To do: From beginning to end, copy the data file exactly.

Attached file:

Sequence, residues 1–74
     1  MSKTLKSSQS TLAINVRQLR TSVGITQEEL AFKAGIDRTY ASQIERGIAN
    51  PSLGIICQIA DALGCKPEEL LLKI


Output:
Sequence, residues 1–74
     1  MSKTLKSSQS TLAINVRQLR TSVGITQEEL AFKAGIDRTY ASQIERGIAN
    51  PSLGIICQIA DALGCKPEEL LLKI